In 2001, a team of national experts produced a federal guidance document, Report on Best Practices for Responsible Retailing, reflecting the experiences and insights of retailers, alcohol control boards and other state regulatory and enforcement agencies ("R-E agencies"), state attorneys general, and academic researchers. The Best Practices identified in that report have been further developed by the Responsible Retailing Forum into an "Integrated Responsible Retailing" model. This model portrays effective Responsible Retailing as a continuing system; and it calls upon R-E agencies, wholesalers/distributors and other private and public stakeholders to assist retailers by providing the resources and mechanisms needed to sustain the Responsible Retailing system.
The Integrated RR model involves three distinct levels:
An effective Responsible Retailing system has, at its core,
The 2nd tier of an Integrated Responsible Retailing model is a community context which connects the public and private sectors in a collaborative, problem-solving approach to underage sales and use. R-E agencies have the dual role of enforcing laws on age-restricted products and also of assisting retailers to identify, adopt and sustain Responsible Retailing practices that are appropriate for that community. Retailers are seen not merely as objects of enforcement who are "compliant" or "non-compliant." Rather, retailers and their wholesalers/ distributors are seen as active partners with R-E agencies to identify and address community-level patterns of underage acquisition and use. This model, based upon the principles of "Community Policing," allows public and private stakeholders together to address the actual patterns of underage access and use of alcohol and other age-restricted products within the community and to consider coherent strategies to reduce use and abuse by minors.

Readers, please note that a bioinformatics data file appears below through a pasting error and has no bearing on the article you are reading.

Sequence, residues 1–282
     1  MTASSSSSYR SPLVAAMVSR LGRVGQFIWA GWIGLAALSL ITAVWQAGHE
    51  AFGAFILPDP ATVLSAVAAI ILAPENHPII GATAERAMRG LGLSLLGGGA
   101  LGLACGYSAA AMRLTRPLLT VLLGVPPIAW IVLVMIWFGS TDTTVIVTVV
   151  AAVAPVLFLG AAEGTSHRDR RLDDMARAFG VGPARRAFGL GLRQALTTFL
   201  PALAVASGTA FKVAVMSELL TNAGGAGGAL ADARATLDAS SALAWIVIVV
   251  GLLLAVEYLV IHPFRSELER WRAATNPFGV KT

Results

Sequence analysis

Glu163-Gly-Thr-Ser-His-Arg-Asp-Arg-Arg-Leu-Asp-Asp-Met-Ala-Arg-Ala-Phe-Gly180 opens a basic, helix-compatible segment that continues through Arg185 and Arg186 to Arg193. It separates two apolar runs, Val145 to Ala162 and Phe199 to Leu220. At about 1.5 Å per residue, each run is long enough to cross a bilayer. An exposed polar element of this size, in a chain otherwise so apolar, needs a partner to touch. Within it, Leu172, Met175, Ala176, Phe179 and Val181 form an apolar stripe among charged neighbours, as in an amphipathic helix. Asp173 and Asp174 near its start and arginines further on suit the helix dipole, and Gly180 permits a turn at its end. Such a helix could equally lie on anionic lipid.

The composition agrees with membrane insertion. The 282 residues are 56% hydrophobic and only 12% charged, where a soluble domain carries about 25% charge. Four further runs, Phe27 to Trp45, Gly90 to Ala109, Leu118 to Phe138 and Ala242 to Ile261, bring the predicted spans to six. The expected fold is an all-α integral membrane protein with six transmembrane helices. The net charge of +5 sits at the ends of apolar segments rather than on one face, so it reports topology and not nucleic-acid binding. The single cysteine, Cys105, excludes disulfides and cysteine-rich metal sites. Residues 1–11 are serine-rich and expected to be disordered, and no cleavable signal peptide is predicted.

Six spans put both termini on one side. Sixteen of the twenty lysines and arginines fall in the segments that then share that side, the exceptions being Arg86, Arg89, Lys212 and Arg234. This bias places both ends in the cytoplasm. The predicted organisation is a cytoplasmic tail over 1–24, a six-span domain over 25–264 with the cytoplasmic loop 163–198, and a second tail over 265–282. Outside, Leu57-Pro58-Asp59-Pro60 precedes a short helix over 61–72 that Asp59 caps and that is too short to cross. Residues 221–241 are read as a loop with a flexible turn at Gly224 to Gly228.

The 3rd tier of an Integrated Responsible Retailing model consists of the public policies at the state (or local) level that encourage the adoption of effective Responsible Retailing practices. Some states, for example, mandate Responsible Retailing training for stores and their employees. Others create positive incentives—such as reductions in liability insurance, or mitigation for violations—for establishments which engage in approved Responsible Retailing programs. Two important policy issues are: